Asking for clarity, I have a series of read lines with END statements. These END statements act as GOTO statements, which I am slowly removing from the code.
I understand that IOSTAT detects EOF and file errors, so believe that I could simply switch out the END statements for the IOSTAT and then react to the IOSTAT value accordingly?
Am I correct in my thinking here?
You are correct: a positive value of IOSTAT means something went wrong with reading the file, a negative value means you reached the end of the file (or the end of a record). Use the ISO_FORTRAN_ENV module to abstract away any specific values of the latter two: IOSTAT_END and IOSTAT_EOR.
That said, if you have a lot of such statements in one unit, then it may still be useful to use the END= clause, as then you can gather all the error handling in a convenient spot in the code.
To avoid goto’s and statement labels for error handling, labelled blocks are working quite nicely (if you don’t mind the additional indentation), we use a construct like this in stdlib:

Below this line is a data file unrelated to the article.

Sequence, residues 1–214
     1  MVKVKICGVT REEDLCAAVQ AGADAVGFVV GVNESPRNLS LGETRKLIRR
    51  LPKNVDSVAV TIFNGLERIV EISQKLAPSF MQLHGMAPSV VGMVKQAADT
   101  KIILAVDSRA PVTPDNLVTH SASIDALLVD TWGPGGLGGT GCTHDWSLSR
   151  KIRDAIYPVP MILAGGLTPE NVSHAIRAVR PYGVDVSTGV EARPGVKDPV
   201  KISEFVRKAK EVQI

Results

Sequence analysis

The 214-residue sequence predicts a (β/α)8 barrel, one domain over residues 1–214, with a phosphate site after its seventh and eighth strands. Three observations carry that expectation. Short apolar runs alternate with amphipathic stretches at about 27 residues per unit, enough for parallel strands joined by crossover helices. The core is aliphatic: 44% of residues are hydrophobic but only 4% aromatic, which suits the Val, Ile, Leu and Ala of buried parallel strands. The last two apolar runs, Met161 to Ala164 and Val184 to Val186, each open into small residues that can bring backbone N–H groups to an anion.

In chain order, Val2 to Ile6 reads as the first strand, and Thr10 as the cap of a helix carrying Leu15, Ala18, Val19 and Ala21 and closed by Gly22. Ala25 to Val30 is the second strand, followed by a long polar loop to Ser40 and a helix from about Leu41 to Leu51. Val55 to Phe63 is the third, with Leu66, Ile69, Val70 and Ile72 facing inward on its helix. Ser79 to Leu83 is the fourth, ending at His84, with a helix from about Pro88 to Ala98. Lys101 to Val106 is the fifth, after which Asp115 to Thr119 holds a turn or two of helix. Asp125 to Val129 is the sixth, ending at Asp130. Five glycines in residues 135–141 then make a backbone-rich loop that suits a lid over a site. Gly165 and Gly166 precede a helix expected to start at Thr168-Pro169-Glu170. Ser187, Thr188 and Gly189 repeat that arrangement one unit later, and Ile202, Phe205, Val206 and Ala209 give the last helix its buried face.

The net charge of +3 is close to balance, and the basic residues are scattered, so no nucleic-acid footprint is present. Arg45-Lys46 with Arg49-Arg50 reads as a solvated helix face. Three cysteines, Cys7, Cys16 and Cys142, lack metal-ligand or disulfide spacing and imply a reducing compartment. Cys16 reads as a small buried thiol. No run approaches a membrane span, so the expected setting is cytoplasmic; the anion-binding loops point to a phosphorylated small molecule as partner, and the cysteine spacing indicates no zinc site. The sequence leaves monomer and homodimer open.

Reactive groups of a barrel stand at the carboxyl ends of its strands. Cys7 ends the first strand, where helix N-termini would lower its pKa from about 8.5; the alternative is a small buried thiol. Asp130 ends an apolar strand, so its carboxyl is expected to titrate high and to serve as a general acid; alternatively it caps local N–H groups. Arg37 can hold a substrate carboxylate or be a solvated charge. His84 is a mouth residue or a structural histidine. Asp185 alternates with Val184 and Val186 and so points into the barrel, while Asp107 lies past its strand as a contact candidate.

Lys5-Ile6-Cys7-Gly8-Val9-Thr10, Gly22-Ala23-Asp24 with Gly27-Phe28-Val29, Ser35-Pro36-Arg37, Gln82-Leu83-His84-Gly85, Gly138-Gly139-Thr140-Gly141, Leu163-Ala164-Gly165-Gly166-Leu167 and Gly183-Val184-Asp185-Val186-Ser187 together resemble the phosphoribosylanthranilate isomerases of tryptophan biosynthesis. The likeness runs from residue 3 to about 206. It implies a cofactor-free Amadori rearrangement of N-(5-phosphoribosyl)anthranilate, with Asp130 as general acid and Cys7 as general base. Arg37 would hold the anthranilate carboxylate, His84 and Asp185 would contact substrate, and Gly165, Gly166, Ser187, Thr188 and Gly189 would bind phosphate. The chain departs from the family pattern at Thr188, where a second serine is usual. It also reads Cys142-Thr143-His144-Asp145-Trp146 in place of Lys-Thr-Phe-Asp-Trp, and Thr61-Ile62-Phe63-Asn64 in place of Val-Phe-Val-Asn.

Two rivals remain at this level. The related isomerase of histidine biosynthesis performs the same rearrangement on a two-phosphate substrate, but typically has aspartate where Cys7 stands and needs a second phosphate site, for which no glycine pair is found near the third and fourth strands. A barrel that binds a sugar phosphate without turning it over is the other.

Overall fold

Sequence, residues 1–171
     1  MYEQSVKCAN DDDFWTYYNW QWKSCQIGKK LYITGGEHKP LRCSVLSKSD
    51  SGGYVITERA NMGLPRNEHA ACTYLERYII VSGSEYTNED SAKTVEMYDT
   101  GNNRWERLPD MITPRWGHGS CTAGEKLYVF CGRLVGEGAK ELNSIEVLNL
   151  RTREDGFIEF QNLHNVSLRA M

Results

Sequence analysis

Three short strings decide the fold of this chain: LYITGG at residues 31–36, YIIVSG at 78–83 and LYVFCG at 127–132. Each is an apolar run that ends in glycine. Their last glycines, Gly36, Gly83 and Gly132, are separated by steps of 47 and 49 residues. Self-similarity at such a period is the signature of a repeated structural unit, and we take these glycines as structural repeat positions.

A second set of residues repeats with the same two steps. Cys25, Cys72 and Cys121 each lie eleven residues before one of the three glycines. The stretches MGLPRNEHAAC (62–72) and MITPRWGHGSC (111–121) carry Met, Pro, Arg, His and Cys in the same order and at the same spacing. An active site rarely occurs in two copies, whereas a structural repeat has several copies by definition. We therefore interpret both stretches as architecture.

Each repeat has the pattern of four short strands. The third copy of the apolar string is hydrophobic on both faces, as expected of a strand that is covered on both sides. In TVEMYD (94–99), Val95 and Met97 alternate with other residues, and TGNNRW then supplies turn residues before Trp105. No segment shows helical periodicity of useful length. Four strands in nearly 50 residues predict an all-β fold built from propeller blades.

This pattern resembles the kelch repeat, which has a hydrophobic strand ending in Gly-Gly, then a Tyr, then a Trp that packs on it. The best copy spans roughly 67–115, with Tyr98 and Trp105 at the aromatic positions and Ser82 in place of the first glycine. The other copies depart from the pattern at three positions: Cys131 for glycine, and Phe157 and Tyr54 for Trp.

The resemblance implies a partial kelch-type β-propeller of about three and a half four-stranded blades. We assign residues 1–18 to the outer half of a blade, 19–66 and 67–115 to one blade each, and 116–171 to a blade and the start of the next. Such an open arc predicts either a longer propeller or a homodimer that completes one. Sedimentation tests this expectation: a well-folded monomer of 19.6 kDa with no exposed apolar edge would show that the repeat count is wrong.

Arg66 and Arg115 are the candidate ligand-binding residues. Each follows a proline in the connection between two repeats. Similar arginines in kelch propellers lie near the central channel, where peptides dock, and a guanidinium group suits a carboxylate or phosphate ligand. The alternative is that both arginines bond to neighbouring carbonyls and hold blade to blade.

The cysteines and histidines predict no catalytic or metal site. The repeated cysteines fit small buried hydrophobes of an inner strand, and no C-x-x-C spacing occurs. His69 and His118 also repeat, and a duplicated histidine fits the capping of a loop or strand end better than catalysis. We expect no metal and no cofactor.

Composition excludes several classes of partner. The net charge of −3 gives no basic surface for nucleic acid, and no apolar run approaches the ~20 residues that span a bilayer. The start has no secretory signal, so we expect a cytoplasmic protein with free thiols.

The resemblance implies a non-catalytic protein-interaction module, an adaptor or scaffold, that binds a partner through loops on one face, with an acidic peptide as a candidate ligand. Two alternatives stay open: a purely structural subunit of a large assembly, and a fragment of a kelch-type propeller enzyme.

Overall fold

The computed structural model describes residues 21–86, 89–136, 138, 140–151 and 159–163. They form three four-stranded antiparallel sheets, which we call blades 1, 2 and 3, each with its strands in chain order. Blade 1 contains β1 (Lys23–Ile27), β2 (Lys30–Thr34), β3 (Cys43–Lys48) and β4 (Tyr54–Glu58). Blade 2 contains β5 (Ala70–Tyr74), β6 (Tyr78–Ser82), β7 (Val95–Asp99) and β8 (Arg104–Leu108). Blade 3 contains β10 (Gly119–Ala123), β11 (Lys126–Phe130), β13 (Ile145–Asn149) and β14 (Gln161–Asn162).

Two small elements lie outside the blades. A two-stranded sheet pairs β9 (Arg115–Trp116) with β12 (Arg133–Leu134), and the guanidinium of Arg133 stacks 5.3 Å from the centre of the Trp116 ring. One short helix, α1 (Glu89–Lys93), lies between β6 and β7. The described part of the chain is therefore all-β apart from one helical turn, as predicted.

This file has been truncated.
open(newunit=io, file=filename, form="unformatted", access="stream", iostat=stat)
character(len=:), allocatable :: this_type
integer, allocatable :: vshape(:)
call get_descriptor(io, filename, this_type, vshape, stat, msg)
if (stat /= 0) exit catch
if (this_type /= vtype) then
stat = 1
msg = "File '"//filename//"' contains data of type '"//this_type//"', "//&
& "but expected '"//vtype//"'"
if (size(vshape) /= rank) then
stat = 1
msg = "File '"//filename//"' contains data of rank "//&
& to_string(size(vshape))//", but expected "//&
Most handling of
iostat=stat values happens in subroutines via return or in the main block via
exit catch statements to leave the block and cleanup (close the unit and propagate the error).
Since Fortran 2003, you can call the intrinsic logical functions
is_iostat_eor(stat) to check for end-of-file and end-of-record instead.
and the intrinsic logical functions do not require